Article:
There was fun and adventure along with the toil. A 60-year-old blind woman made the entire trek, as did a girl with a wooden leg. Hunters looked for game to supplement their rations. One man who had no sense of smell returned to camp with a skunk he had bagged. This was not warmly received.
When Carl and his wife arrived in Salt Lake, his pants were in tatters, but the Danish flag flew from the handcart.
Life as a frontier artist was not easy. He painted stage settings and houses and received commissions to paint scenes from the Bible and the Book of Mormon. His output of paintings was prodigious, yet he homesteaded three times, taught drawing and Danish, wrote extensively about art history, theology, and rural life, and painted Manti and St. George temple murals.
Feeling divinely inspired, in 1878 Christensen began painting the Mormon Epic, chapter by chapter, from Joseph Smith’s first vision to the arrival of Brigham Young and in Zion.
The Mormon Panorama would become 23 large paintings on canvas. He stitched them together end to end, chronologically, creating a roll 175 feet long. He began touring communities in Utah, Idaho, Arizona, and Wyoming giving lectures on Mormon church history as the large scroll was unwound, scene by scene.
Christensen wrote, “The old generation which bore the burdens of the day in the persecutions in Ohio, Missouri, and Illinois will no longer be with us a few years hence. History will preserve much, but art alone can make the narrative of the suffering of the Saints comprehensible for posterity.”
Eventually the long roll was retired, laid away, and forgotten for decades. These are the paintings discovered and exhibited with such eclat at the Whitney Museum in 1980, and featured in such extravagant fashion in Art in America.
The rediscovery began with LDS Apostle Boyd K. Packer. In a speech given at Brigham Young University in 1976, he said, “Several years ago I was chairman of a committee of seminary men responsible to produce a filmstrip of Church history.
One of the group, Trevor Christensen, remembered that down in Sanpete County was a large canvas roll of paintings. They had been painted by one of his progenitors, C. C. A. Christensen, who traveled through the settlements giving a lecture on Church history as each painting was enrolled and displayed in lamplight. The roll of paintings had been stored away for generations. We sent a truck for them, and I shall not forget the day we unrolled it.”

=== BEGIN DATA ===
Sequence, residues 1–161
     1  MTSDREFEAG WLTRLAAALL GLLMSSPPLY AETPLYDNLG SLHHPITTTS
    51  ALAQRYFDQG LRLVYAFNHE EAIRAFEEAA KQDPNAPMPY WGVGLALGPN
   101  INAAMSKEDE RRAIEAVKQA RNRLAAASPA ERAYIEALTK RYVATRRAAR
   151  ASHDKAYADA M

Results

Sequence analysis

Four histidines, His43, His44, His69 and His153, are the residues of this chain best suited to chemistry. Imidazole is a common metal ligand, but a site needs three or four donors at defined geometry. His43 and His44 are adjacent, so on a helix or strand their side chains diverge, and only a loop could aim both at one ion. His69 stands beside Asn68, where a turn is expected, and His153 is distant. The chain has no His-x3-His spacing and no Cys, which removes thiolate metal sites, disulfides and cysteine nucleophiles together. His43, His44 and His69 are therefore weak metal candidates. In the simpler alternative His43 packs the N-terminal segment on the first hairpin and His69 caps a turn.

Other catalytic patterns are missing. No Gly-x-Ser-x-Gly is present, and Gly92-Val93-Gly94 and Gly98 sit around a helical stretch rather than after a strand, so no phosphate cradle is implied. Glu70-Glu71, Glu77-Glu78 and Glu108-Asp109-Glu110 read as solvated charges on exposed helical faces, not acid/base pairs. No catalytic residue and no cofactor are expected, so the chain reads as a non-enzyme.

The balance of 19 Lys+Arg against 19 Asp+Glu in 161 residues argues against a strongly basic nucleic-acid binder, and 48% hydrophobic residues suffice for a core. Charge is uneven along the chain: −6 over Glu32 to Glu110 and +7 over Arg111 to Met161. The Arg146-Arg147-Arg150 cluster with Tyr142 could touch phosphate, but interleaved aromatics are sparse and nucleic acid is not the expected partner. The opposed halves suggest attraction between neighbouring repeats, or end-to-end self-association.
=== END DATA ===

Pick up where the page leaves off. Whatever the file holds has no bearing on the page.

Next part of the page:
Eventually the paintings became the property of Brigham Young University.
Why did it take C. C. A. Christensen seven years after his conversion to the Church of Jesus Christ of Latter-day Saints to hie off to Utah? Most converts, reacting to the summons to gather in Zion, departed as soon after baptism as they could. He was deeply committed to the Church and kept answering Scandinavian mission calls.
At various times he spent three and a half years as missionary and mission president in Norway. Preaching Mormonism in Norway was against the law, and he was twice put in prison.
As nearly as we can establish, Christensen had a hand in teaching and converting Gunnell Marie Hansen, who emigrated with 383 other Scandinavian Saints on the Benjamin Adams in 1854. She was the daughter of a deceased sea captain and made the trip with her mother and two brothers, who did not want her traveling alone. The mother and one brother would be buried in unmarked graves in Nebraska. I have been told that until then the Scandinavian emigrants left in bits and drabs but the Benjamin Adams was the first ship hired to bring a big group of Nordic Saints.
On the voyage she met a young Swede who was kept busy as an interpreter because he spoke four languages. She saved his life during a river crossing accident in Wyoming. They married a few days after their arrival in Salt Lake City and soon after were sent with 49 other families to establish Brigham City.
Thank you, C. C. A., for your Norwegian missionary labors. Gunnell was my great-grandmother.
The young Swede was Jeppa Hans Jeppson, my great-grandfather.
|Copyright © 2019 by Lawrence Jeppson||Printed from NauvooTimes.com|